How Body Language Can Change Your Career Trajectory: The Employee


If communication is the key to success, then body language is how you turn that key.

In fact, a recent Inc. article from leadership expert Peter Economy revealed that “60 to 90 percent of our communication with others is nonverbal.”

It’s easy to believe that we have complete control over the way we present ourselves professionally, that the way our body twitches and fidgets unconsciously don’t really make a difference in the way we communicate.

The following workplace “language” habits demonstrate why we should work to hone even the most unassuming of weapons in our entrepreneurial arsenal.

The Work Slump
Literally. Slouching and slumping creates an aura of uncertainty and low-self-esteem, an impression that is never beneficial in a professional environment. Our posture can project more than a few overtime hours in an outdated and uncomfortable office chair.

If the body is perpetually hunched over, the message we’re sending to colleagues and employers can be one of disinterest, disrespect, or both. We may do this unconsciously, but who are conscious of it will take note of the perceived slight. There are physical ramifications, too.

“Every inch you hold your head forward, you add 10 pounds of pressure on your spine,” says  Dr. Jason Queitos, an experienced chiropractor who talked with Men’s Fitness writer Lisa Freedman about posture.

Being aware of posture’s effect on presentation is healthy for both the career and the self.

The Body Talks…
…And what it says about ourselves and our intentions is not always what we want. For instance, dramatic gestures tend to imply a lack of confidence in what is being illustrated or an uneasiness with the material.

Whether making a point or simply discussing strategy, fidgeting and nervous flailing are nonverbal landmines for negative impressions.

The idea is not to overwhelm an audience with sporadic gestures, but to make a point in an efficient and illustrative manner. Find a happy medium between gestures that illustrate a point and nervous ticks.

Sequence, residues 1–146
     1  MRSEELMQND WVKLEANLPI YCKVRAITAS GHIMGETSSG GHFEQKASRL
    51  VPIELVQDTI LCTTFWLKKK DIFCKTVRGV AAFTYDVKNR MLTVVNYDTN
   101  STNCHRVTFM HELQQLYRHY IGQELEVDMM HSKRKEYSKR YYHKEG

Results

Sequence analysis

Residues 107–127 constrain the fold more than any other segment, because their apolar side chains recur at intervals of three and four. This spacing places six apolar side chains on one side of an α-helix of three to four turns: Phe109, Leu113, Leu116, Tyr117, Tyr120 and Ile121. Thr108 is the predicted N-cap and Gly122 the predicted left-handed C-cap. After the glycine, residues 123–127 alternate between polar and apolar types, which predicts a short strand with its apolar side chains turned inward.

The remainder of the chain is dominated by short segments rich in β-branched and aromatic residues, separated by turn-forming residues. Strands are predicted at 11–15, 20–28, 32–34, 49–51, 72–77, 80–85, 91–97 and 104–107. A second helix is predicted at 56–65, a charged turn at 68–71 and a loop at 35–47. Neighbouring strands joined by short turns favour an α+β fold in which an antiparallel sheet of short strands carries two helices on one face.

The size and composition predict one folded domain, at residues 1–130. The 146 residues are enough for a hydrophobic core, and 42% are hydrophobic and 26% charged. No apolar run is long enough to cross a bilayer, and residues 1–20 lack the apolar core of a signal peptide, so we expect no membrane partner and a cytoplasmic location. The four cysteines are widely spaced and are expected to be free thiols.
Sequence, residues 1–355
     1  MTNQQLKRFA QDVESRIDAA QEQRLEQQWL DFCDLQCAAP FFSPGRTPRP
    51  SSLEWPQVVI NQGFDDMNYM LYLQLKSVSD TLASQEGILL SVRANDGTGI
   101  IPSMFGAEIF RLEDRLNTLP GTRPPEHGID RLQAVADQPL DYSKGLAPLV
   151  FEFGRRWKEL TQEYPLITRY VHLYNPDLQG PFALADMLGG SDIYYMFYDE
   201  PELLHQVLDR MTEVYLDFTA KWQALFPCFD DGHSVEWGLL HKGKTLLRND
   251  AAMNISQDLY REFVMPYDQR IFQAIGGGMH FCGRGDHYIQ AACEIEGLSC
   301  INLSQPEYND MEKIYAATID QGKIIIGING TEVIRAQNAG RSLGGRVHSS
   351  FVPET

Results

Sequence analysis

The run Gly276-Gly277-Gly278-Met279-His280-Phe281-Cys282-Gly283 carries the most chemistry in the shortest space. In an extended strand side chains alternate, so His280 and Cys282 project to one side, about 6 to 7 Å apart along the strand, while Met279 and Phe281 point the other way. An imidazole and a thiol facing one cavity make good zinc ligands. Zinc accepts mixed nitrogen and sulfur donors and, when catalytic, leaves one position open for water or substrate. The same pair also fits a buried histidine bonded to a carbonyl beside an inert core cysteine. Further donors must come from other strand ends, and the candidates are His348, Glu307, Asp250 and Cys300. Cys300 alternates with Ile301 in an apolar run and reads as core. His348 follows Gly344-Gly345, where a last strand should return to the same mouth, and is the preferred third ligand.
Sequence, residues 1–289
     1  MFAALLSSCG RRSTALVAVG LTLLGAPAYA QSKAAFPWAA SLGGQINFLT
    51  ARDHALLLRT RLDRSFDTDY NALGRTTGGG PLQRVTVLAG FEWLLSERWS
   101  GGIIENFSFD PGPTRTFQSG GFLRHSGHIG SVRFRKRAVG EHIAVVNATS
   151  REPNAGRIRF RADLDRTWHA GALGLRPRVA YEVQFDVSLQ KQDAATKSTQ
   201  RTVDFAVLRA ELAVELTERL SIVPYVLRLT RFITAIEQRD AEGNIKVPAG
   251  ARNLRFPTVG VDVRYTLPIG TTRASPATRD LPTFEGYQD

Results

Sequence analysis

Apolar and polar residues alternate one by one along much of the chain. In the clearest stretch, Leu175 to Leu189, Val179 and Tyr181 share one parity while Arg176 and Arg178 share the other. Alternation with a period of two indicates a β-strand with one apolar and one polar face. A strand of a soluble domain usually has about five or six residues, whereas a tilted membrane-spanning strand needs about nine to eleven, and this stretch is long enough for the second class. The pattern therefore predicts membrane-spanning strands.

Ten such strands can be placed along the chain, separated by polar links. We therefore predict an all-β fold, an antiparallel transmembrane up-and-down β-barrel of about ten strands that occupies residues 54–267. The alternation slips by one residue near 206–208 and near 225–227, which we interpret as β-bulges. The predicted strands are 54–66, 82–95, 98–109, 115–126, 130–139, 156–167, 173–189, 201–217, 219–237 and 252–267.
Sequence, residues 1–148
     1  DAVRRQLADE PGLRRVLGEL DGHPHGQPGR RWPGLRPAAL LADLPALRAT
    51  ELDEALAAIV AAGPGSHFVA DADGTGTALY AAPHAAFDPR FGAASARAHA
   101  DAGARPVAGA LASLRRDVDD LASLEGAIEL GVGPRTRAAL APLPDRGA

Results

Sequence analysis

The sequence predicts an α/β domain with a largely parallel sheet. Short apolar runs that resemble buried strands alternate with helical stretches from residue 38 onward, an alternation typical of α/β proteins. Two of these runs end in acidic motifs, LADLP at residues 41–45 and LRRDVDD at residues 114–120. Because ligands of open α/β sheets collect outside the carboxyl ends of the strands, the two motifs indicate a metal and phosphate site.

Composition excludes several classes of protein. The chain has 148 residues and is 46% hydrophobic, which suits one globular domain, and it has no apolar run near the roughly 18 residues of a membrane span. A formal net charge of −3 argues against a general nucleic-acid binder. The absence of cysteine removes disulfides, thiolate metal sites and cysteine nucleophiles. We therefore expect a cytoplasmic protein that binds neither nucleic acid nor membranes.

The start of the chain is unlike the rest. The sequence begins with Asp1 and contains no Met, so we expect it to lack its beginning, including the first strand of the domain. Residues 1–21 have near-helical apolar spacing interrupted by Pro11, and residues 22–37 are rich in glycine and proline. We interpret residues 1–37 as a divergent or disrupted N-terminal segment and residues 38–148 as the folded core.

“Aim for small, controlled gestures to indicate leadership and confidence, and open gestures—like spreading your arms apart or showing the palms of your hands—to communicate that you have nothing to hide.” Forbes contributor Travis Bradberry wrote.

The “You Lookin’ at Me?”
Be neither the predator nor the prey. Whether it’s lizard-like darting or the highly focused, unblinking expression of a carnivorous creature ready to lunge for the kill, controlled, thoughtful eye movement is key to being one with business nature.

Nervousness, anxiety, and a lack of confidence manifests itself in the form of too much sporadic eye movement, not to mention shifty eyes could mean shifty intentions.

Avoiding eye contact makes it look like you have something to hide, and that arouses suspicion.”, but “Sustained eye contact, on the other hand, communicates confidence, leadership, strength, and intelligence,” states an article in Forbes.

Too much eye contact, on the other hand, and we can scare people away. Too much eye contact translates to an anxious person who is not confident in what they are saying or someone who has something to hide.

Another writer for Inc. magazine contends that the absence of eye contact also indicates we have better things to do than talk to the person we’re with, and that we’re anxious to leave.

Lack of eye contact is perceived as disrespectful and paints the picture of an aloof, possibly arrogant person who is not eager to be a team player.

The “Eh” Approach
Insincerity and noncommittal mannerisms are the true nemesis of many emerging entrepreneurs. To combat this evil, we must ensure that the gestures we make match the feeling or message we are trying to convey. Leaning away demonstrates a lack of engagement and interest in the matters at hand.

Another great killer of careers is saying one thing and doing another.

Inconsistency between your words and your facial expression causes people to sense that something isn’t right and they begin to suspect that you’re trying to deceive them, even if they don’t know exactly why or how,” Bradberry wrote in an article for Entrepreneur.

The potential of minute movements to make or break top-notch professionals is irrefutable. Being an employee unconscious of his or her body language can mean the difference between staying where you’re at or getting promoted.

With a loosening of the shoulders and a bit of steady eye contact, we show we are engaged and ecstatic about the work ahead.


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